Wednesday, February 26, 2014

The Life & Times of Antonio Sivori (Part II)

New York City, 

By June 1872, Antonio Sivori was the proprietor of St. Mark’s Restaurant at 27th Street and Broadway, situated inside the newly-completed Stevens House. Designed by the country’s leading architect, Richard Morris Hunt, the mansard-capped building was the first apartment complex of its kind. The eight-story structure occupied the entire south side of 27th Street between Broadway and Fifth Avenue, and yet it contained only eighteen luxury suites.1 Then thirty-nine years old, Sivori appears to have operated this restaurant for only about one year. Well-educated and fluent in six languages, he should have been able to work well with members of high society, but for some reason, he kept moving from job to job throughout his career, sometimes working at places you might least suspect.2

St. Mark’s Restaurant (1872) 
Although St. Mark’s was not an Italian restaurant, it offered ice cream flavors like pistache, tutti frutti, and “fancy” Neapolitan, as shown on the à la carte menu below. In the early 1870s, there were only about 12,000 Italians living in New York, mostly from the northern regions.3 

On the morning of June 26, 1872, the Alumni Association of the General Theological Seminary met for breakfast at St. Mark’s. This set menu reflects the French, English, German, and American influences that comprised the main themes of New York cuisine. 

Whiskey-manufacturer George W. Kidd hosted a dinner at St. Mark’s for fellow members of the New York Yacht Club in November 1872. 

The cover is inscribed “Commodore Bennett,” referring to James Gordon Bennett, Jr., the flamboyant publisher of the New York Herald, and with the name of his large schooner “Dauntless,” the Club’s flagship. These notations transform this sugary Victorian illustration into a comic scene, showing the thirty-one-year-old sportsman being admired by two young women.

In December 1866, Bennett won the first trans-oceanic yacht race, sailing from New York to the Isle of Wight through raging winter seas. The stirring contest boosted the circulation of the Herald, and made Bennett an accredited leader of the smart set. He soon became the youngest Commodore in the Club’s history. The notations may have been made by a friend and fellow yachtsman who left this menu behind after the dinner. Although it is probably a coincidence, Sivori was said to have been a life-long reader of the Herald. In addition to his linguistic talents, Sivori was also able to write well, reportedly composing articles for the city’s newspapers.4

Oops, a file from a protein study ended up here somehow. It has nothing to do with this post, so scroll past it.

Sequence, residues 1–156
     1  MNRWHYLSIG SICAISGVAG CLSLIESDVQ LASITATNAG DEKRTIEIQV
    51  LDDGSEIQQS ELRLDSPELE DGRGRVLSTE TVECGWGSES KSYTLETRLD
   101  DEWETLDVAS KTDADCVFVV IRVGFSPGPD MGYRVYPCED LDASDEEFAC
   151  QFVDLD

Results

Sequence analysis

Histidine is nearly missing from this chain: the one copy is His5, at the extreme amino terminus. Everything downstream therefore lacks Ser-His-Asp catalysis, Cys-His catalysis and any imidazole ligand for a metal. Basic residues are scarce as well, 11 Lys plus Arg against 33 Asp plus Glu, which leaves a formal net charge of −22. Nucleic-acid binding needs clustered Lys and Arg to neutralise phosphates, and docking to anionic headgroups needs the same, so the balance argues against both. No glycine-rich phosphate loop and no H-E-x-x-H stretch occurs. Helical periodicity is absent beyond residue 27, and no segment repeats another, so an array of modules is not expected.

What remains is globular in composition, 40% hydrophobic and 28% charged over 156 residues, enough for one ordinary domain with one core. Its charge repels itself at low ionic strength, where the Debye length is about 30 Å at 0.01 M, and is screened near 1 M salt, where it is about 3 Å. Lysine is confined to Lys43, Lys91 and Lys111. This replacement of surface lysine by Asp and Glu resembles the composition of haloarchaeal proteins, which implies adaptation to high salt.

The New York Yacht Regatta by Currier & Ives (1869)

The dinner at St. Mark’s was a modest affair for these wealthy yachtsmen. With Commodore Bennett in the lead, one hundred members of the New York Yacht Club hosted a banquet at Delmonico’s in December 1871 for Grand Duke Alexis of Russia. This lavish affair reportedly cost $5,000, or about $95,000 in today’s dollars. At the time, little could they have imagined that the period of economic prosperity that followed the Civil War would soon be coming to an abrupt end. 
The Long Depression 
The financial markets crashed on September 18, 1873. Although the fear on Wall Street subsided after a few days, the panic had already triggered a severe depression, causing thousands of companies to fail and farm prices to collapse. Ten states went bankrupt. Although there was suffering and distress throughout the country, the highest levels of unemployment, homelessness, and hunger were concentrated in the industrial cities like New York. The economic calamity dragged on until March 1879, making it was the longest depression in American history.